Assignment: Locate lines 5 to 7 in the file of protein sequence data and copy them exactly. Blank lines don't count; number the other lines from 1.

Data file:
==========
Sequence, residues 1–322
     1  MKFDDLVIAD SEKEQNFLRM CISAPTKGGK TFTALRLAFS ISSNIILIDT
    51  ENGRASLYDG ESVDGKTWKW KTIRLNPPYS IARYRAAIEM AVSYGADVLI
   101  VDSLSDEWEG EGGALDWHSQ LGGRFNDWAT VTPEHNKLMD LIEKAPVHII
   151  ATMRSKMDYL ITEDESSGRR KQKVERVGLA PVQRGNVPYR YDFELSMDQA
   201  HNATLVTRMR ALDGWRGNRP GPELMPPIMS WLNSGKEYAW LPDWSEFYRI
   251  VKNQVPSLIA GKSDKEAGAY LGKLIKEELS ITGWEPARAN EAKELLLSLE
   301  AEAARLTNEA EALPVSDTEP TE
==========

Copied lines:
   151  ATMRSKMDYL ITEDESSGRR KQKVERVGLA PVQRGNVPYR YDFELSMDQA
   201  HNATLVTRMR ALDGWRGNRP GPELMPPIMS WLNSGKEYAW LPDWSEFYRI
   251  VKNQVPSLIA GKSDKEAGAY LGKLIKEELS ITGWEPARAN EAKELLLSLE